NEW YORK, Feb. 8, 2012 /PRNewswire-USNewswire/ -- Carnegie Council for Ethics in International Affairs is delighted to announce the winners of its 2011 International Student/Teacher Essay Competition, "Making a Difference."
The essay question was: What does sustainability mean to you?
And the winners are…
First Prize: Akrish Adhikari, age 16, Rato Bangala School, Lalitpur, Nepal
First Prize: Anil Sebastian Pulickel, age 20, National Law School of India, Bangalore, India
Second Prize: William Lord, age 19, University of St Andrews, Scotland
Third Prize: Pratik Mishra, age 19, and Abdullah A. Rahman, age 21 (joint essay), Tata Institute of Social Sciences, Maharashtra, India
POST-GRADUATES AND TEACHERS
First Prize: Chenaz Seelarbokus, assistant professor, Kennesaw State University, Kennesaw, GA
Second Prize: Emily Beth Rothenberg, MA candidate, The New School, New York, NY
HIGH SCHOOL: Daniel (Hwasung) Yoo, age 15, Maggie L. Walker Governor's School for Government and International Studies, Richmond, Virginia
UNDERGRADUATE: Joy Muthanje Mwaniki, age 19, United States International University, Nairobi, Kenya
To read these essays, go to http://www.carnegiecouncil.org/about/announcements/0059.html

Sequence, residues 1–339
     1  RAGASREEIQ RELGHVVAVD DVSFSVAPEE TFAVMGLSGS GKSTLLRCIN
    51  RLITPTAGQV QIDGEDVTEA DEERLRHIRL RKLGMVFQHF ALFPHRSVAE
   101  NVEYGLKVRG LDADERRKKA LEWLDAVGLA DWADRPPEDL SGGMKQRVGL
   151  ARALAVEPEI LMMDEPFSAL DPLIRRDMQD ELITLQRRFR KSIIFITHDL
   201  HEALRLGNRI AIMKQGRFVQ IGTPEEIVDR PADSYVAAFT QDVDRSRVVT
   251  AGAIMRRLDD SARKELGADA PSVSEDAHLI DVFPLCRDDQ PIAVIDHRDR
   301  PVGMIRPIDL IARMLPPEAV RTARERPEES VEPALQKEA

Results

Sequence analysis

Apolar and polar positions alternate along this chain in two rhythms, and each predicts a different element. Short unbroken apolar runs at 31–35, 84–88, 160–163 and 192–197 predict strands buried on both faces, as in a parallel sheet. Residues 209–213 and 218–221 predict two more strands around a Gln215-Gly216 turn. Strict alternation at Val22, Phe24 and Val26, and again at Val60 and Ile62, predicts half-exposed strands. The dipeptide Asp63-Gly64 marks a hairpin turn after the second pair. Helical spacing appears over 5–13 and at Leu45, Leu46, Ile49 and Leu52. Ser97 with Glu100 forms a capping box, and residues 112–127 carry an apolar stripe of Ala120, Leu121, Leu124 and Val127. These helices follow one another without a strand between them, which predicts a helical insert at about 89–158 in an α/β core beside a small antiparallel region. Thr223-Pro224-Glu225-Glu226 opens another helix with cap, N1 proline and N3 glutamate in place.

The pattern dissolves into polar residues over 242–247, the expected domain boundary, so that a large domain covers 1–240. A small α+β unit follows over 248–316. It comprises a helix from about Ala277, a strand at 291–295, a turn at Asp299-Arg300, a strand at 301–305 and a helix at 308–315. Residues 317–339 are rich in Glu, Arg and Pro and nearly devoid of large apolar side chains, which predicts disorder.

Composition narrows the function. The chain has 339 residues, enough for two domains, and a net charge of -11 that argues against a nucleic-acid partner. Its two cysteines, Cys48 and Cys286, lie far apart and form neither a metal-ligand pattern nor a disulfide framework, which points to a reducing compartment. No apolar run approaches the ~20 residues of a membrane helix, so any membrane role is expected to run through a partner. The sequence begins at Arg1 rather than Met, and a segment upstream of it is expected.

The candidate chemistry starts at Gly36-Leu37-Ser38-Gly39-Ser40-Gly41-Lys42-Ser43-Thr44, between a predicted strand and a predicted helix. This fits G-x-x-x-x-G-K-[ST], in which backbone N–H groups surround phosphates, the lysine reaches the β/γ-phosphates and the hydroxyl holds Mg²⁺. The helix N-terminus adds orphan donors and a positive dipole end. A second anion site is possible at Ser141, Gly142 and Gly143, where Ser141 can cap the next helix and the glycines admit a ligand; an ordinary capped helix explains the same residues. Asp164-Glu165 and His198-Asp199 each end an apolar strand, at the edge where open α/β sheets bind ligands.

The winners receive Amazon gift certificates and a copy of "Ethics & International Affairs: A Reader."
We would like to thank everyone who submitted an essay. The quality was very high and our Carnegie Council judges found it quite difficult to choose the winners. In total we received 81 entries from 25 countries. The youngest contestants were 14 and the oldest was 74.
This contest was part of the Council's third annual SEPTEMBER SUSTAINABILITY MONTH. For resources produced by this initiative, go to http://www.carnegiecouncil.org/resources/picks/0030.html
Carnegie Council for Ethics in International Affairs (www.carnegiecouncil.org), established in 1914 by Andrew Carnegie, is an independent, nonpartisan, nonprofit organization dedicated to increasing understanding of the relationship between ethics and international affairs.
SOURCE Carnegie Council for Ethics in International Affairs